John Earnhardt was surrounded by farmers as a boy growing up in Salisbury, N.C. “I was just a little country boy who knew how to milk a cow,” he says.
So, naturally, he assumed he would be a farmer when he grew up. Earnhardt once told someone he planned to have the biggest farm around, never mind that he didn’t have much land or money at the time.
Fortunately, Earnhardt also happened to be pretty good at math and science. So his interest was piqued one Sunday when one of the visitors to the church was an engineer. It sounded like interesting work to Earnhardt.
So when he arrived at NC State, Earnhardt was ready to become an engineer. Being from a small town, Earnhardt was struck by how big the campus was when he arrived in 1959. “It was big, although not compared to now,” he says.
Earnhardt, who now serves on the Chemical and Biomolecular Engineering Advisory Board for the College of Engineering, says engineers still relied on slide rules in those days. While he appreciates the technological advances made with computers, Earnhardt says something was lost when the slide rule was replaced. “You had to think through problems,” he says. “You had to talk with other people, collect the best thinking.”
Today, Earnhardt’s old slide rule hangs on a wall in his house in Mooresville, N.C. — an unfamiliar artifact to his children and grandchildren.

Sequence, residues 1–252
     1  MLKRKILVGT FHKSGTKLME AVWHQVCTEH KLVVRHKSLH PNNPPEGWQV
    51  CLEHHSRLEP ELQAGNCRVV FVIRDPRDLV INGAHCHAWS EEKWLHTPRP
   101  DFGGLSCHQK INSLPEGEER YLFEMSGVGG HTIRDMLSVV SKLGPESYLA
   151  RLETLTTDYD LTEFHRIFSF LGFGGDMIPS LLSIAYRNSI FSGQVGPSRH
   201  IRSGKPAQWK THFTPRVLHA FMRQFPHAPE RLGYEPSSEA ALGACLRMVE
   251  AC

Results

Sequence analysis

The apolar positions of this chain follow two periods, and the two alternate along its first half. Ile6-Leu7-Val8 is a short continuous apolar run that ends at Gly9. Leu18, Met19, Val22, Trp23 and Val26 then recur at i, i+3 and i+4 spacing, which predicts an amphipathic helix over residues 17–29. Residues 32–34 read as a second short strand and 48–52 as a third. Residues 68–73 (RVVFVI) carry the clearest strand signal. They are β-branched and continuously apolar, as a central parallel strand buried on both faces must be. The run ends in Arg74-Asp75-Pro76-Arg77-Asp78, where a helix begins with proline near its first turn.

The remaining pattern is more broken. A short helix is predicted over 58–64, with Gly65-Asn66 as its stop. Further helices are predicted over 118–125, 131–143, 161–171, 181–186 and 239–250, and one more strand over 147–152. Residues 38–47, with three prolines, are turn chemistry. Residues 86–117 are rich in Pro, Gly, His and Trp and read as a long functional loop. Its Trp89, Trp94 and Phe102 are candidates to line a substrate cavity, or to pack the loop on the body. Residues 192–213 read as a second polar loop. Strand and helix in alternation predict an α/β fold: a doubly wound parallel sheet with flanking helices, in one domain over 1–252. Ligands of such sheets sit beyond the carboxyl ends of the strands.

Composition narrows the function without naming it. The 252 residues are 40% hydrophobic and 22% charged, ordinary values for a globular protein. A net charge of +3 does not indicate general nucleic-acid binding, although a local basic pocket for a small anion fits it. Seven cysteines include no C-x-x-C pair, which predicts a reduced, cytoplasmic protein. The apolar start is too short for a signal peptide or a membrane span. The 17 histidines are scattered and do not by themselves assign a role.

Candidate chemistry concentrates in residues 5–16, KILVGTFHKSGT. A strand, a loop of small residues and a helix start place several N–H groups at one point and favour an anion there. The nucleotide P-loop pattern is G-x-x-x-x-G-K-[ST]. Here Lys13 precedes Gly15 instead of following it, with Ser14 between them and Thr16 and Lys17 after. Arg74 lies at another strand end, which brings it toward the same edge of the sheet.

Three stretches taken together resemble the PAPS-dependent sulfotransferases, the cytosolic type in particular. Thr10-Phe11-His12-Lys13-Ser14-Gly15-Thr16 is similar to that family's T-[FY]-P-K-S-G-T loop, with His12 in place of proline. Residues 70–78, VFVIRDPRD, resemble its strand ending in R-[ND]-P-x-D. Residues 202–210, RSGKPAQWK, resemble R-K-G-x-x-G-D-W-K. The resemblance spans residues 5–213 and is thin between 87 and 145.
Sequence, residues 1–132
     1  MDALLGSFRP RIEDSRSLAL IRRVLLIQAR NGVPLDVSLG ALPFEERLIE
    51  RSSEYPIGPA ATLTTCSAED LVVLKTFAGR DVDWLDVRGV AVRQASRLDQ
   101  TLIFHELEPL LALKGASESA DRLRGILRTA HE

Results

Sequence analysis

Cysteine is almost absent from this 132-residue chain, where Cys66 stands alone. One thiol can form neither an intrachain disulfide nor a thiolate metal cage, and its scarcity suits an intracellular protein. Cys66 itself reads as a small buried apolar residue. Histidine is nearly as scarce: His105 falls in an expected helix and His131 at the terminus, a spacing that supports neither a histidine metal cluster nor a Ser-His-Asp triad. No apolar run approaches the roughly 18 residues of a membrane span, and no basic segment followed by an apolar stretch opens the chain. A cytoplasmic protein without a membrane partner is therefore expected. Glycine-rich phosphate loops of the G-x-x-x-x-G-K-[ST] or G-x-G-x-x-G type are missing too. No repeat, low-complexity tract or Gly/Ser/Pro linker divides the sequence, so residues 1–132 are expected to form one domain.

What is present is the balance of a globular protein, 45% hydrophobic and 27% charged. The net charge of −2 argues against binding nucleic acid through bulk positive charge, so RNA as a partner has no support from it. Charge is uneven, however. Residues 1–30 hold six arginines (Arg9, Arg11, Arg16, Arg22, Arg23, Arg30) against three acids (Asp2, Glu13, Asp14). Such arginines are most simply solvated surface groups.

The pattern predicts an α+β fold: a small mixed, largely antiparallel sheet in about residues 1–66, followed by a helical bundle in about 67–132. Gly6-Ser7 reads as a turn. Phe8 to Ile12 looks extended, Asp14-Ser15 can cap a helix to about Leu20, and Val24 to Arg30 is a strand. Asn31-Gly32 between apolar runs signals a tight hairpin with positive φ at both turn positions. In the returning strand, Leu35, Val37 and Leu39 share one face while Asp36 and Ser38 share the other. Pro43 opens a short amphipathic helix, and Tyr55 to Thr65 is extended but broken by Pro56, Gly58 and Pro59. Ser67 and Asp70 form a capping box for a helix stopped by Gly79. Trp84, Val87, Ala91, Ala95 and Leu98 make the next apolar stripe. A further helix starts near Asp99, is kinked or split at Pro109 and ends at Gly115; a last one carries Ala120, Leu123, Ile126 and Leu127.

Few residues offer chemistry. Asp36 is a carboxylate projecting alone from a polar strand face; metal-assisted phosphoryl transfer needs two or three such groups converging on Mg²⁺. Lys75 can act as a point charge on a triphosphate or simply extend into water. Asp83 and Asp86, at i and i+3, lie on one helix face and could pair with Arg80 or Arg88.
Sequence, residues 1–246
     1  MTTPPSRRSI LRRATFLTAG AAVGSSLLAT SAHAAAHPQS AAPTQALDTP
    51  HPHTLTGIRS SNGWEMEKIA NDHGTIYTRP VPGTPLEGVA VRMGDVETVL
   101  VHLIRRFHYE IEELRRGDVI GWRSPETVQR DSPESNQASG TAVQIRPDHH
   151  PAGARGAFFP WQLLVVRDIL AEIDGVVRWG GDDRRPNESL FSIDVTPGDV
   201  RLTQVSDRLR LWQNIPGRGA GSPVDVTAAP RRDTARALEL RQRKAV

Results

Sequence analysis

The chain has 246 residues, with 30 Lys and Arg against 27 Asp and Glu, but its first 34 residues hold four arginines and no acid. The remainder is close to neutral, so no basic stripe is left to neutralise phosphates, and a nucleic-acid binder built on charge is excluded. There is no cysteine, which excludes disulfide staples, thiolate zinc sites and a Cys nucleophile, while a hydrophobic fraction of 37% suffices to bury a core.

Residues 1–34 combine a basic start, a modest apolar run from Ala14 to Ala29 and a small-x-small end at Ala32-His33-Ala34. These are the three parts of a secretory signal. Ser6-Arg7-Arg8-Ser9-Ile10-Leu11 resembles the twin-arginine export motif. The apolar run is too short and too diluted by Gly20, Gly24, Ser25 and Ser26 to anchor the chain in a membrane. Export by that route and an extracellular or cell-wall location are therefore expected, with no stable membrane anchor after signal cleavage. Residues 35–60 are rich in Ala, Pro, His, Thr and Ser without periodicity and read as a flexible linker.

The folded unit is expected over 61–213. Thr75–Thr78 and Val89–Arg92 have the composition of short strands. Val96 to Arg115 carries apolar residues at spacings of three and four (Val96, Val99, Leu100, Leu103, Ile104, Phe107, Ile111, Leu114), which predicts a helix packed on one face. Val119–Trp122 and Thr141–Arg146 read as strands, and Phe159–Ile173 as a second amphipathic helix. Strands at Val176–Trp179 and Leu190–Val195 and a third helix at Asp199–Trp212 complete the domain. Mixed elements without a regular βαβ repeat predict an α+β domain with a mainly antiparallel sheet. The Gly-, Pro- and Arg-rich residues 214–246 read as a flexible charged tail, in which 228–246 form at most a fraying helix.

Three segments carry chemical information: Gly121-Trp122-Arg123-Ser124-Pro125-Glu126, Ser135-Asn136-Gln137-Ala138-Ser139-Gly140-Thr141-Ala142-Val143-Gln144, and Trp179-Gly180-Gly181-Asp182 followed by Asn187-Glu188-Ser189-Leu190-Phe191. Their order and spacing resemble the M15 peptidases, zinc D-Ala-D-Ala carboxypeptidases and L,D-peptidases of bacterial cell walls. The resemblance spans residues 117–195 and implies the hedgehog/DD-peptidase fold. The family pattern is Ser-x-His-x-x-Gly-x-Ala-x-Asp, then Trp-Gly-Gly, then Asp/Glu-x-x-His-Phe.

Earnhardt went on to graduate in 1963 with a degree in chemical engineering. One of his faculty advisers suggested that he consider pursuing graduate degrees, but Earnhardt was ready to get to work.
He ended up working for DuPont for 32 years at nine different locations. One of his first projects was helping develop the commercial process to make Nomex, a fire-resistant material, available for market. After retiring from DuPont, Earnhardt started his own environmental management consulting company. He’s also an accomplished bass singer in a barbershop quartet. His group, known as You Kids Get Off My Lawn!, finished 14th in the world championships in Florida in January.
Earnhardt returned to the Park Alumni Center today for the 50th reunion of the Class of 1963. About 130 alumni, family and friends will spend today and tomorrow revisiting some old haunts and seeing some new facilities like the James B. Hunt Jr. Library on Centennial Campus. Head football coach Dave Doeren is scheduled to speak at tonight’s Class of 1963 banquet. On Saturday, Chancellor Randy Woodson will speak at a luncheon welcoming new members into the Forever Club and the weekend’s festivities will end with a barbecue dinner at Vaughn Towers.
Earnhardt, permanent president of the Class of 1963, loves what NC State has become in in the 50 years since he graduated. “I’m proud of the work that comes out of here,” he says, “and the people I meet from here are all good people.”
Earnhardt says some of his classmates will be shocked to see how much the campus has grown over the past five decades. He says they will be impressed with what they see.
“I’m looking foward to the whole thing,” he says. “This school’s done so much for me.”